Misuse of Public Safety Act Brought up at Jammu and Kashmir RTI Workshop
BY GAURAV VIVEK BHATNAGAR ON 24/07/2017
Referring to allegations of children being held under the Public Safety Act in Jammu and Kashmir, former chief information commissioner Wajahat Habibullah today asserted the need for involving youth in the ongoing debate on current issues in the state.
Habibullah, who was delivering the keynote address at an interactive workshop on J&K Right to Information (RTI) Act in Srinagar, also noted that public confidence in elected governments is undermined if access to routine information about the working of the administration is denied.
He demanded that RTI be used as an instrument for building public trust in the government.
“RTI enables the public and government to work together to find solutions to problems of governance and development,” he said, adding that “involving the youth would be a crucial measure to reduce the current atmosphere of discontent.”
It was also pointed out at the meeting that despite the Public Safety Act prohibiting the detention of minors, children had been detained under it.
In his address, vice chancellor of Central University Kashmir (CUK), Professor Mehraj-ud-din said RTI was an invaluable tool for lawyers to get access to facts and records. He also announced the setting up of an RTI Clinic in the University’s Law Department to help and train RTI applicants in seeking information under the law.
Speaking of the need to use RTI as a tool for data-driven research, Sanjoy Hazarika, director of Commonwealth Human Rights Initiative, lamented that RTI was rarely used by academics for research. He pointed out that data on a large number of government websites was often dated. “Data tells stories, stories give perspective, perspective gives the space for asking questions and interrogating the norm,” he said.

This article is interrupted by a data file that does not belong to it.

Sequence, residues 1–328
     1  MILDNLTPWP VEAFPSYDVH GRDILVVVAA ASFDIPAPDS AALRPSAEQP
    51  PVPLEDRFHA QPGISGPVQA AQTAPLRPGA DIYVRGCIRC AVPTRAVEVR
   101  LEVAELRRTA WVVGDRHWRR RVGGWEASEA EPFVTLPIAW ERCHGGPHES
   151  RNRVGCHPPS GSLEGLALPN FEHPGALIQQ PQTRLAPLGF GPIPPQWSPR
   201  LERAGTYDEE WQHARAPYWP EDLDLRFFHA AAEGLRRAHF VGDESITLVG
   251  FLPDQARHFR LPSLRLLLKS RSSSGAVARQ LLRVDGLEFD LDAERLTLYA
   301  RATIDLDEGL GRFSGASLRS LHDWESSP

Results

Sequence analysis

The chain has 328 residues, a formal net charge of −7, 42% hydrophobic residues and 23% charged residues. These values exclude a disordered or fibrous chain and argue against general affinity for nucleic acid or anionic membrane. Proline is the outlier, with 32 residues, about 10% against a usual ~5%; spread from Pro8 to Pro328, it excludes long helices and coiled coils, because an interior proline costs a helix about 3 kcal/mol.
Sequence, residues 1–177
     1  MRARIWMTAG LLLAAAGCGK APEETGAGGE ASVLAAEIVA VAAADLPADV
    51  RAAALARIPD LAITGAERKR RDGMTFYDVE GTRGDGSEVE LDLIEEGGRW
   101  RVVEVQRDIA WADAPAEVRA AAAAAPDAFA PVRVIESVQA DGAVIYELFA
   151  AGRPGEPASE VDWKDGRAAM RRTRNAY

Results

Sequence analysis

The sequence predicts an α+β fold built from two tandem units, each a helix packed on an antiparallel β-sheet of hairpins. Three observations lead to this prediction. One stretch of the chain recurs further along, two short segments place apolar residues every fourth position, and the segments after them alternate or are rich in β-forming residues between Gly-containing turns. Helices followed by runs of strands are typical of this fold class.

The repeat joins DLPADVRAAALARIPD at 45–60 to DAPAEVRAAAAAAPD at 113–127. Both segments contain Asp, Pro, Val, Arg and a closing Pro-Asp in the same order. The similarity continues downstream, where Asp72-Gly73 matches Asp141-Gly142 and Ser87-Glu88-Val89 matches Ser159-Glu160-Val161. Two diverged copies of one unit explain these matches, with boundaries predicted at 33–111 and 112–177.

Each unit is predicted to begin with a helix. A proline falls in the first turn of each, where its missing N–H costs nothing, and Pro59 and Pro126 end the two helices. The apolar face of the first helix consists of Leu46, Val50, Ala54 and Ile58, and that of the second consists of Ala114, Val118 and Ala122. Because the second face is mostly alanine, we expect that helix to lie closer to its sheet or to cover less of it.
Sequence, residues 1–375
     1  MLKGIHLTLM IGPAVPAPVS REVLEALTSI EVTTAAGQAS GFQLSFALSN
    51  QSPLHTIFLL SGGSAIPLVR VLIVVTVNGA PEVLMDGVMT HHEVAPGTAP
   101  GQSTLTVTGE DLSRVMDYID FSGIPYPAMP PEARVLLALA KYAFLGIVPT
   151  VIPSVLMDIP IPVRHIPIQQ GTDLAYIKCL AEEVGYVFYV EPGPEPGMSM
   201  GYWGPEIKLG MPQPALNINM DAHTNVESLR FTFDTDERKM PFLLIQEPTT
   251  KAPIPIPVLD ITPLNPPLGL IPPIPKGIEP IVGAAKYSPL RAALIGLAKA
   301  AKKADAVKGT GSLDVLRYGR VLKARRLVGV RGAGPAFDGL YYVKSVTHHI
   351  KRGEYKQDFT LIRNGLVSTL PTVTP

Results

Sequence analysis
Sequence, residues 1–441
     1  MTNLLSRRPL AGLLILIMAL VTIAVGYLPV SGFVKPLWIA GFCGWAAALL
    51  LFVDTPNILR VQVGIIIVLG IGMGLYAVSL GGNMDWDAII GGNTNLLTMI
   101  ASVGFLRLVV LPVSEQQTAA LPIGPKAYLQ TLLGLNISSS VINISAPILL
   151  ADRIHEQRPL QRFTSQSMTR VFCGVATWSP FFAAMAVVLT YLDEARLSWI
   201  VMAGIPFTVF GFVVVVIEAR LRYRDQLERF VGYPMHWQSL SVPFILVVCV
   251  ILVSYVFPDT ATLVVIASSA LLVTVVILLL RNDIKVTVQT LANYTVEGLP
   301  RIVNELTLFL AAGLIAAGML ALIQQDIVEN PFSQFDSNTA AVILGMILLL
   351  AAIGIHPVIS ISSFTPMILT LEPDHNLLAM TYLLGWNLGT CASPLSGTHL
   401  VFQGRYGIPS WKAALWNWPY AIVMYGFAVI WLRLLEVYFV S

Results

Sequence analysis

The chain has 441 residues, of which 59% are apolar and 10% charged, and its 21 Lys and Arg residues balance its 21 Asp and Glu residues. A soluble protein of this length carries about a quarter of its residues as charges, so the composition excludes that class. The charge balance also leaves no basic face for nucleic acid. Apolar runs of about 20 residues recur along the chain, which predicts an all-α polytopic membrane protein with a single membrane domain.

Hazarika also spoke about how RTI opened up opportunities for researchers to access official data which was not easily available otherwise and provide feedback to government for inclusion in processes and policies.
Justice (Rtd.) M.S. Khan spoke of the need to protect whistleblowers. He lamented that there was no mechanism for protecting an RTI applicant who seeks information to demand transparency and accountability for wrongdoing in public authorities. As a result, several citizens have lost their lives or have been brutally attacked for seeking information across the country, he pointed out.
While a legal expert, Professor Altaf Hussain Ahangar, spoke of the need for using RTI as a tool to redress the grievances of the most disadvantaged segments of society, the sub-divisional magistrate of Srinagar, Dr. Syed Haneef Balkhi said the need of the hour was to reduce the time taken for supplying information to RTI applicants from the present outer limit of 30 days. “This will ensure speedy disposal of cases,” he said.
Leading RTI activist Venkatesh Nayak made a presentation on key court judgments to explain the developing trends in the RTI-related case law around the country.
One of the most pertinent comments on the importance of RTI came from dean of students welfare at CUK, Dr. Fayaz Ahmad Nika, who while voicing the need for spreading awareness about the RTI Act among the disadvantaged groups said: “Laws will be effective only when people know about them and use them in the right spirit.”